After his unpleasant ejection from his village, the story follows a familiar pattern – an inexperienced youngster having to make his way in an innately hostile and uncaring world. This time around, the worlds are hostile with knobs on. In the aftermath of an interplanetary war, no one is particularly welcoming – except for the two aviarmen he encounters on his first journey offworld… And immediately the three of them spin off into an adventure, while trying to find a foothold somewhere to make their fortunes.

The writing is pacy, direct and very readable. Pax knows how to write an interesting, detailed character, provide an entertaining and believable backdrop, while keeping the action coming. I was swept along with the action and particularly enjoyed the colourful dialogue.
9/10

*NEW RELEASE SPECIAL* Review of NETGALLEY Arc Like Never and Always by Anne Aguirre #Brainfluffbookreview #LikeNeverandAlwaysbookreview

Standard

I was looking for something just a bit different, when I read of this premise during Can’t-Wait Wednesday (thank you who recommended it – and sorry for not name-checking you, but I simply cannot remember). So I was delighted when I was approved for the Netgalley arc.

On a hot summer night, a screech of brakes and shattering glass changes two lives forever. Liv wakes in the hospital, confused when they call her Morgan. She assumes it’s a case of mistaken identity, yet when the bandages come off, it’s not her face in the mirror anymore. It’s her best friend Morgan’s. Morgan always seemed to have the perfect life, yet Liv must navigate endlessly disturbing secrets of the criminal and murderous variety—and a romance that feels like a betrayal. Torn between the boy she loved as Liv and the boy she’s grown to love as Morgan, Liv still has to survive Morgan’s last request.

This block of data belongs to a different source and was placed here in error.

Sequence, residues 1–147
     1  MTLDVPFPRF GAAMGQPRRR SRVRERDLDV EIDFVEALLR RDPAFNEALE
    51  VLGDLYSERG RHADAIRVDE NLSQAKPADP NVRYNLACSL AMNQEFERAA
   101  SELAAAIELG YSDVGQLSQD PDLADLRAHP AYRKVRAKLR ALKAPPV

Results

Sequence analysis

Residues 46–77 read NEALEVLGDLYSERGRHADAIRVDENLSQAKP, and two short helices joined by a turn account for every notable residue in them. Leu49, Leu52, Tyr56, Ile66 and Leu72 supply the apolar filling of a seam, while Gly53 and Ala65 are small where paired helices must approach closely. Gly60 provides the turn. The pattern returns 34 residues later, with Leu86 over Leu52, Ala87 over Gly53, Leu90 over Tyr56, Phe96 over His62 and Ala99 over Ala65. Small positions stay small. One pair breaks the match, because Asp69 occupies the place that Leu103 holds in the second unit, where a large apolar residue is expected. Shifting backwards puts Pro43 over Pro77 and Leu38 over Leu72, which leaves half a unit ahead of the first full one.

It’s an interesting premise – and that intriguing title comes from a Pablo Neruda poem. So does this YA thriller live up to the promise of a cracking read? Oh yes. I enjoy Aguirre’s writing, particularly her excellent space opera adventure featuring adrenaline-junkie pilot Sirantha Jax – see my review of Grimspace. The dramatic beginning hooked me in and I slummucked in bed, reading this offering in one greedy gulp. Liv’s first-person narrative is well realised. Although she suffers serious physical injuries and keeps encountering nasty discoveries of the knee-buckling sort, Aguirre manages to avoid her becoming some put-upon victim. Given the nature of some of the secrets that float to the surface, as she continues investigating Morgan’s life, that is harder to pull off than you might think.

I found myself rooting for Liv throughout and was even able to endure the dreaded love triangle. In fact, it actually made sense within the story’s premise. The character progression also works well and I was also pleased to see that while Liv initially dreads getting any kind of professional counselling, when it becomes crucial she does avail herself of it. I would have liked to see her make more use of it – and have her still attending some ongoing counselling sessions for the foreseeable future.

Other than that quibble, I thoroughly enjoyed this YA adventure, which had me turning the pages to find out what happens next. It’s an entertaining thriller that delivers plenty of surprises featuring a well-realised, sympathetic protagonist. Recommended for fans of family-based mystery thrillers. While I obtained an arc of Like Never and Always from the publisher via Netgalley, the opinions I have expressed are unbiased and my own.
8/10

Review of The Great Alone by Kristen Hannah #Brainfluffbookreview #TheGreatAlonebookreview

Standard